The War For Late Night: When Leno Went Early and Television Went Crazy
Last week I wrote about Bill Carter’s seminal book The Late Shift, which chronicled the 1992-1993 struggle between David Letterman and Jay Leno over who would host The Tonight Show. Almost two decades later, NBC’s late-night terrain was unravelled by a very similar late-night war which resulted in Conan O’Brien’s ouster as host of The Tonight Show and Jay Leno’s return, following the failure of his 10 PM show. Returning to chronicle that craziness is Bill Carter, and I was excited to read his new book, The War For Late Night: When Leno Went Early and Television Went Crazy.
Before he can get to all of the insanity that went down during the two-week period after Jay’s 10 PM show was cancelled and Conan refused to allow The Tonight Show to be moved back to 12:05 so that Jay could return to an 11:30 time-slot, Mr. Carter steps back a full five years to begin the story with the events that he felt led, almost inevitably, to that showdown. After an introductory chapter set at an uncomfortable NBC “upfront” presentation in 2009, the book moves back in time to 2004, and depicts the behind-the-scenes decision-making that resulted in NBC’s surprise move to promise Conan O’Brien that he would be installed as the host of The Tonight Show five years later, even though Jay Leno had been scoring great ratings and beating his rival David Letterman regularly for the past decade-and-a-half. That announcement raised a lot of eyebrows back in 2004 (I remember it raising mine, even though I was thrilled to hear that Conan would be replacing Jay), and through the book we get a lot of insight into how and why that all went down the way it did.
The book then moves forward to 2008, when NBC is now faced with the imminent loss of one of its late-night stars, Jay, and is desperate to come up with a solution that will allow them to hold on to both Jay and Conan. Shades of 1993, when NBC was desperate to find a way to hold onto its two big late-night stars of the time, Jay and Dave! Mr. Carter takes us through Jeff Zucker’s idea for the 10 PM show for Jay, and the middle chapters of the book depicts how and why that show quickly failed. Then, at last, we get to those fateful weeks in 2009, when things came to a head and everything exploded in NBC’s face.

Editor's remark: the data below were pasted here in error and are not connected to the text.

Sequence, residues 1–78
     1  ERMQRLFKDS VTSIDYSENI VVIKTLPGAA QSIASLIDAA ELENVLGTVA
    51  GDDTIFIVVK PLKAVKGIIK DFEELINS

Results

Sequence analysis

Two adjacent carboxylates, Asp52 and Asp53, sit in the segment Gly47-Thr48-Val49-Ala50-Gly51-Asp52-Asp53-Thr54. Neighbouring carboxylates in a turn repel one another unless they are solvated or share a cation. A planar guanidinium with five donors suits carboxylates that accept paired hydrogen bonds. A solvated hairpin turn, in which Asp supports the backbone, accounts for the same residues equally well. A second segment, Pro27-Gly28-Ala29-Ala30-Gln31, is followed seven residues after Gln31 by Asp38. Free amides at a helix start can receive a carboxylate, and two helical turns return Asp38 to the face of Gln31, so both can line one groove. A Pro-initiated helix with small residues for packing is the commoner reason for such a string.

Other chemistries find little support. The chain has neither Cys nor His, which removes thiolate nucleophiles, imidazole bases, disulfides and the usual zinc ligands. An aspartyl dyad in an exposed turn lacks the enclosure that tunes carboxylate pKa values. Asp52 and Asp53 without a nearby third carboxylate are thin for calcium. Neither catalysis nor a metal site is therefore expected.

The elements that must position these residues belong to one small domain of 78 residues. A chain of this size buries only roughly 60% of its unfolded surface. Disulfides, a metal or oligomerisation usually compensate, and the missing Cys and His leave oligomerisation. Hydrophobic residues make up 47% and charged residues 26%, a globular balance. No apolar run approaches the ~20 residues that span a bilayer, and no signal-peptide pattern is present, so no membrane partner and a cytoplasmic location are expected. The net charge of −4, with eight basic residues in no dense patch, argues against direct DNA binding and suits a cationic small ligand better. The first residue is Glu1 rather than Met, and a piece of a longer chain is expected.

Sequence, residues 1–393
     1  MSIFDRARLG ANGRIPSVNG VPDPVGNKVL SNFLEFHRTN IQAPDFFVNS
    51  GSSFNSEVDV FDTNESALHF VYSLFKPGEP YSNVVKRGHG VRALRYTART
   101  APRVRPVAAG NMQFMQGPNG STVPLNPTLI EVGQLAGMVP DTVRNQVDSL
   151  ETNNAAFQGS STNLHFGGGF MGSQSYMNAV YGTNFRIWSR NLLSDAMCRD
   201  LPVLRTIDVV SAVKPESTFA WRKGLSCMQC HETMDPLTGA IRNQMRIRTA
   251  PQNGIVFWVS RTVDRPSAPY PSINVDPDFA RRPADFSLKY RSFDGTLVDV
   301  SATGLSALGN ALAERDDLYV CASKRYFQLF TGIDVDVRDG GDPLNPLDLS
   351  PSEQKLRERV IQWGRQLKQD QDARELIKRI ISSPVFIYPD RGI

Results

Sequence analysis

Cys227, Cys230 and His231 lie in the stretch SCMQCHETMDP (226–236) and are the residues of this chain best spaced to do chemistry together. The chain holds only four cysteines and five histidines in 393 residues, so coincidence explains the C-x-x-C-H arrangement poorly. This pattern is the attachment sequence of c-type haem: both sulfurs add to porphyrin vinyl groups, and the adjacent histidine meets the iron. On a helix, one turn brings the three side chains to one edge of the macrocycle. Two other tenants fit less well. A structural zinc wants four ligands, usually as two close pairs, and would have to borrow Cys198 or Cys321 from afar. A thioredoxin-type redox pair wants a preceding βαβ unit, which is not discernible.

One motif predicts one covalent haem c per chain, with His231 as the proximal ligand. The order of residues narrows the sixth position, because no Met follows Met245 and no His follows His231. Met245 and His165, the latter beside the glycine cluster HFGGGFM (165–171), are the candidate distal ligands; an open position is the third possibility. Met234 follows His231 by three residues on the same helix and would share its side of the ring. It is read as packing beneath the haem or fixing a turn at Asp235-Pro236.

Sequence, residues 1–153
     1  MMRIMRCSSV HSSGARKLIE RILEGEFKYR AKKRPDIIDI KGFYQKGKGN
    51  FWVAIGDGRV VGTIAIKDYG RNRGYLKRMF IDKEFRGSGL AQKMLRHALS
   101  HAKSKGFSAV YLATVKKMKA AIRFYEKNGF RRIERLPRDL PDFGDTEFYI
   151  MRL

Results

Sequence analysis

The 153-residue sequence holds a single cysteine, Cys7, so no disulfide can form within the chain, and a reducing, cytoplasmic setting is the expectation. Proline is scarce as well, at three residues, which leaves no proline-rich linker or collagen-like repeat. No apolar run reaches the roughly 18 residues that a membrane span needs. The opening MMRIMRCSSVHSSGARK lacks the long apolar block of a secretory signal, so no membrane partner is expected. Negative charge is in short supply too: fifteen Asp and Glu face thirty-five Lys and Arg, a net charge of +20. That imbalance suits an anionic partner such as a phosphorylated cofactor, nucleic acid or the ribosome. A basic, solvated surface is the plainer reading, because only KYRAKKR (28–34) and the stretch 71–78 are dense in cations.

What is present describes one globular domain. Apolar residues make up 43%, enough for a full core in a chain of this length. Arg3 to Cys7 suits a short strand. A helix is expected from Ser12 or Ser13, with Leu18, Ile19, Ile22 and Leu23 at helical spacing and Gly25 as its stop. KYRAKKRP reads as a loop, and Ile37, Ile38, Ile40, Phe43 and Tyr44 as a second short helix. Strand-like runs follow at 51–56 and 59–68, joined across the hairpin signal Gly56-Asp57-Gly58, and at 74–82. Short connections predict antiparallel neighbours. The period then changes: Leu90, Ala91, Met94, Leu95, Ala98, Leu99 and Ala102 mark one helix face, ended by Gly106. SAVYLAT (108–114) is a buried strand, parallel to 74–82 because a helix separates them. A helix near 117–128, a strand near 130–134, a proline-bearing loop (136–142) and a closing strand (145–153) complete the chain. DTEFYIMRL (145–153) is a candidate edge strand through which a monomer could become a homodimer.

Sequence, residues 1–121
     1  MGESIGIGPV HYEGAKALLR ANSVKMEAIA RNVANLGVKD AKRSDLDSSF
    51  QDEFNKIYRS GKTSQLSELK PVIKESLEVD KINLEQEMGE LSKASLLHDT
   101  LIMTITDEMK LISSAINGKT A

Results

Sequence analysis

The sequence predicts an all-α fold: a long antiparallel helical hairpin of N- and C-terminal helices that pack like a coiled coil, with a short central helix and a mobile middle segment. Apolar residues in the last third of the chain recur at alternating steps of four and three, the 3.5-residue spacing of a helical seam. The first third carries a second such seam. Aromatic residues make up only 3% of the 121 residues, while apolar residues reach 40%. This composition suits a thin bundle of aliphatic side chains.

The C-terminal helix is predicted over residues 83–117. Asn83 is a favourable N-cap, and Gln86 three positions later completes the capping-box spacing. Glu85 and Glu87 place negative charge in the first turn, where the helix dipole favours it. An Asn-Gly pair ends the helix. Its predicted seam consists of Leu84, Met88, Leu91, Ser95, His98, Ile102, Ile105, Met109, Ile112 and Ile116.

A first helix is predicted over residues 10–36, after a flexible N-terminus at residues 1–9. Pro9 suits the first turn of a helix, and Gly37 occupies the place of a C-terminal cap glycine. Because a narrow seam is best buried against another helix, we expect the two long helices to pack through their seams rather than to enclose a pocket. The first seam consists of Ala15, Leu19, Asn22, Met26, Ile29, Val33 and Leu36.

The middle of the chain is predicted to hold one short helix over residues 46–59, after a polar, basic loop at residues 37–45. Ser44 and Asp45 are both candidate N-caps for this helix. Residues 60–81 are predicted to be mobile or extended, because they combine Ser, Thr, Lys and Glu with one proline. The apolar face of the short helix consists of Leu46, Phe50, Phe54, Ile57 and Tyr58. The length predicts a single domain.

This is great, juicy material, and I was thoroughly engrossed in The War For Late Night. As with his previous book, The Late Shift, Mr. Carter has done an enormous amount of research and the book really benefits from all of the interviews that Mr. Carter conducted. Much of the story is told by the participants’ own words. That gives the book a strong you-were-there feel, and that peek behind the curtain of TV show-biz is tantalizing.
What weakens The War For Late Night somewhat for me, though, was how long it takes for the book to get to “the good stuff.” All of the decision-making and machinations in 2004 and 2008 are interesting, but what I really wanted to read about (and I suspect I’m not alone on this) was about how and why everything went down after the cancellation of Jay’s 10 PM show. Why didn’t NBC just allow the now-damaged Jay to leave at that point? What led them to thinking that returning Jay to 11:30 and bumping Conan until after midnight was a good idea? Why did they think Conan would go for that? Why did Jay allow the network to treat Conan in that matter? Why, ultimately, did the network decide to reverse their 2004 decision and choose Jay over Conan as the host of The Tonight Show, and just how exactly did Conan wind up at the cable channel TBS?
Those are the questions that I wanted answered, and while the book does indeed cover all of those topics in its last third, those sections felt a bit rushed to me. I wanted Mr. Carter to have spent a little more time on his depiction of those events — to have dug a little deeper and given us a little more insight into all that went down. It’s hard to point at what’s not in the book because I obviously don’t know what, if anything, hasn’t been included! I’m sure Mr. Carter didn’t leave anything out on purpose — I just felt that he was able to get a lot more information about everyone’s actions in 2004 than in 2009. (This might be because the 2009 events were still so fresh and the wounds still so recent for so many involved — but, of course, that’s WHY the book was written in the first place, right?) In particular, Mr. O’Brien’s decision to start a new show at TBS — which caught so many in show business off-guard, and which is still, today, a little head-scratching — is covered in just about ten pages. Here is a key moment where I would have loved to have gotten a little more of an insight in what was going on in Mr. O’Brien’s head when he made that decision, and what his hopes are for this new venture on cable.
While not quite the home run that The Late Shift was, I can still say that I really enjoyed The War For Late Night, and I certainly tore through the book at a rapid clip. For anyone who followed the unfolding of this bizarre drama last year, this book is worth a read.